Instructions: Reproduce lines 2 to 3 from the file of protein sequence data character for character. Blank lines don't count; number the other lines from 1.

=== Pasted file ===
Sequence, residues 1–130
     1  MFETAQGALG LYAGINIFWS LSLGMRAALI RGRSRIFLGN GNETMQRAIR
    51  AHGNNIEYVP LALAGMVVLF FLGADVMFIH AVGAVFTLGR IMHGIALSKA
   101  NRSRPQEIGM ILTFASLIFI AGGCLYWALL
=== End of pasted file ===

     1  MFETAQGALG LYAGINIFWS LSLGMRAALI RGRSRIFLGN GNETMQRAIR
    51  AHGNNIEYVP LALAGMVVLF FLGADVMFIH AVGAVFTLGR IMHGIALSKA